Why is this important?

Users with visual impairments may not be able to see or interpret visual content, such as images and video. As designers you must provide text that accurately describes the nature of all visual content. You should provide audio descriptions to help users understand video content.

Users with hearing or cognitive impairments, and those for whom the language spoken in any video content is not their primary language, may not be able to hear or understand spoken audio in video content.

You must ensure that users have complete control over what they can see and hear. If you have any moving content – video, animation, image or text based carousels – you must provide a way to allow them to pause or stop the content.

In this section

  • Provide alternatives for images, video and audio content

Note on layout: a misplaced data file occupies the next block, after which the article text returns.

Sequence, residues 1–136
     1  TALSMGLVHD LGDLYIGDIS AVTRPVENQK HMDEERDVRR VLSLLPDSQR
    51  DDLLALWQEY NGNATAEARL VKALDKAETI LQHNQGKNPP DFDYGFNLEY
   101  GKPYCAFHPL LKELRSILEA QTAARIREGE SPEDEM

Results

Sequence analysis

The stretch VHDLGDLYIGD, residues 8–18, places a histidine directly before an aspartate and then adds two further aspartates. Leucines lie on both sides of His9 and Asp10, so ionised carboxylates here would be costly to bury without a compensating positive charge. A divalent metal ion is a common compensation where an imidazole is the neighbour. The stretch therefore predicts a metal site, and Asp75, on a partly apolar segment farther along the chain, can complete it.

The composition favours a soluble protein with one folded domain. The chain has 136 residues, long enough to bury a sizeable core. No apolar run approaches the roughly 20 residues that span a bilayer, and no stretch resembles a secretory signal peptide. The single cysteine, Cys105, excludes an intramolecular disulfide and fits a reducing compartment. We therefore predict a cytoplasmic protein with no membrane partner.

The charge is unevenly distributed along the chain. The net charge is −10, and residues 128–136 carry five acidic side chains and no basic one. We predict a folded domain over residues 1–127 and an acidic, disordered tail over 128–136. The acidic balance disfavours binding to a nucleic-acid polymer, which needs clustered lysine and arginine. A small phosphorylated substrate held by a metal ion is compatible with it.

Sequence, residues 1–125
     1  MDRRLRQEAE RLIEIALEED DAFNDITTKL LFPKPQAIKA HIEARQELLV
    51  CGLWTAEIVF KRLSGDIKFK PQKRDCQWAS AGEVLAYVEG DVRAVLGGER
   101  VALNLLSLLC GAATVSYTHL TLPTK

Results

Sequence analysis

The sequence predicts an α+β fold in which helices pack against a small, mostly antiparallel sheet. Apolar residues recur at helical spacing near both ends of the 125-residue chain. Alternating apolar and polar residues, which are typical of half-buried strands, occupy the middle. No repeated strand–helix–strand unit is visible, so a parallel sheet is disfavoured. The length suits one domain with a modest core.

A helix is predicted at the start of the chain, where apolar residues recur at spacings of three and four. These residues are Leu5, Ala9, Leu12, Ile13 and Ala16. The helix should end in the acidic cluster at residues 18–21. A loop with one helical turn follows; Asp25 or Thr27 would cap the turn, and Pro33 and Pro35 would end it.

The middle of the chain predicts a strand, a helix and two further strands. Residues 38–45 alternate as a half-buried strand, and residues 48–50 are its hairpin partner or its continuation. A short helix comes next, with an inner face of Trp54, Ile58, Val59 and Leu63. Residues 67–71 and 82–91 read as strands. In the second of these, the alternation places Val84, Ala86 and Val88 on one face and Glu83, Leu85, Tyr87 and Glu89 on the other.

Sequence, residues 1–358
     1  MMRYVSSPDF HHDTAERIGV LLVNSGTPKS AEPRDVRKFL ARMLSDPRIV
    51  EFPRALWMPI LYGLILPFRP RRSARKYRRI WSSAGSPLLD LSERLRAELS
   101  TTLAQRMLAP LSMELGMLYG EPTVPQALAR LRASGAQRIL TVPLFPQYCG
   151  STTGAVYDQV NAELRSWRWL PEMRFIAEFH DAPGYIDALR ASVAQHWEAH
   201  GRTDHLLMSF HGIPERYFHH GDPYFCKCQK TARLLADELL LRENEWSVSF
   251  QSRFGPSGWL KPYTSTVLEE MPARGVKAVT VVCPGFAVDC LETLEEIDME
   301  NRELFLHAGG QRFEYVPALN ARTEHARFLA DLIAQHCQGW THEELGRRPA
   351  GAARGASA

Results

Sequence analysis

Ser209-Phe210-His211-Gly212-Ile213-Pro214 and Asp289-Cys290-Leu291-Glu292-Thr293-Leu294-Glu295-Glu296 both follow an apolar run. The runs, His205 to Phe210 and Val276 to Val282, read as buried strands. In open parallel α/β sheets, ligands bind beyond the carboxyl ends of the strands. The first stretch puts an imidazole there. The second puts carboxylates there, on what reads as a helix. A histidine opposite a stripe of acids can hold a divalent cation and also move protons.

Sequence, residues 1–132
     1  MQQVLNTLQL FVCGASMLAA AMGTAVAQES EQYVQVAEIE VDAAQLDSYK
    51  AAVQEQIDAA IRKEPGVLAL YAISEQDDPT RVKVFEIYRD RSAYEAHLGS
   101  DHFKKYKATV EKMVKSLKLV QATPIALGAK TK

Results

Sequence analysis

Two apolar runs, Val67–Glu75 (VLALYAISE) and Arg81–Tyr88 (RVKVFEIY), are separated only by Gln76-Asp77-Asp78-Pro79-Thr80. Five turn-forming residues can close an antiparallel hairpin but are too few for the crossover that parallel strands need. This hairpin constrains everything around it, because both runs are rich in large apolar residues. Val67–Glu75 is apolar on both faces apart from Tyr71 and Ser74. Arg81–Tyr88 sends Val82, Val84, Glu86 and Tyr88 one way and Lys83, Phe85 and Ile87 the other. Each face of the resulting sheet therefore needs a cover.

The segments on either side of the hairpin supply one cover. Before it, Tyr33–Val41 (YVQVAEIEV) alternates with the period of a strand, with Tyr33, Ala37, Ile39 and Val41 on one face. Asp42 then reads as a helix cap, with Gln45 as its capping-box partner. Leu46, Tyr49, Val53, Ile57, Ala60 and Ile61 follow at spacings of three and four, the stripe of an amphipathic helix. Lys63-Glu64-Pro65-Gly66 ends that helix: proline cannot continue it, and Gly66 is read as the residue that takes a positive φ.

• Take extreme care when designing for video, audio and animation

References for this section

WCAG 2.1

  • 1.1.1 Non-text Content (A)
  • 1.2.1 Audio-only and Video-only (Pre-recorded) (A)
  • 1.2.2 Captions (Pre-recorded) (A)
  • 1.2.3 Audio Descriptions or Media Alternative (Pre-recorded) (A)
  • 1.2.4 Captions (Live) (A)
  • 1.2.5 Audio Description (Pre-recorded) (AA)
  • 1.2.6 Sign Language (Pre-recorded) (AAA)
  • 1.4.2 Audio Control (A)
  • 2.2.2 Pause, Stop, Hide (A)
  • 2.3.1 Three Flashes or Below Threshold (A)

EN 301 549 v 2.1.2

  • Non-text Content
  • Audio-only and Video-only (Pre-recorded)
  • Captions (Pre-recorded)
  • Audio Descriptions or Media Alternative (Pre-recorded)
  • Captions (Live)
  • Audio Description (Pre-recorded)
  • Audio Control
  • Pause, Stop, Hide
  • There Flashes or Below Threshold


Further reading